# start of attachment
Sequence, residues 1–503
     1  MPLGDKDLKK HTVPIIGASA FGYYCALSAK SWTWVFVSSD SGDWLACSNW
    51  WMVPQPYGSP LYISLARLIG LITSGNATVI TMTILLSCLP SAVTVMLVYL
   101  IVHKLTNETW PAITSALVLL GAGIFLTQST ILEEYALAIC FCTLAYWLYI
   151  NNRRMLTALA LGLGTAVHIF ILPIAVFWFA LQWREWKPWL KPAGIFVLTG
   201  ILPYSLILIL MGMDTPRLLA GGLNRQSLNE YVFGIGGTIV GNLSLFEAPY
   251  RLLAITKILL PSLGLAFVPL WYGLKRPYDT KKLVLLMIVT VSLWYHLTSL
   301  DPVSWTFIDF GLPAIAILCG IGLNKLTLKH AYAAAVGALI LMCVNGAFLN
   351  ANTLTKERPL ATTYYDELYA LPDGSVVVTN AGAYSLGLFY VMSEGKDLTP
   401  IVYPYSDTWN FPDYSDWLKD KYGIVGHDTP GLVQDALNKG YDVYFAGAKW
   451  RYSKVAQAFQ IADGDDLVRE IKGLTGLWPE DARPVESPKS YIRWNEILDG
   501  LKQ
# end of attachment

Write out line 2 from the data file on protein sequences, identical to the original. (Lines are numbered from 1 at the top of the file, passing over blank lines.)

     1  MPLGDKDLKK HTVPIIGASA FGYYCALSAK SWTWVFVSSD SGDWLACSNW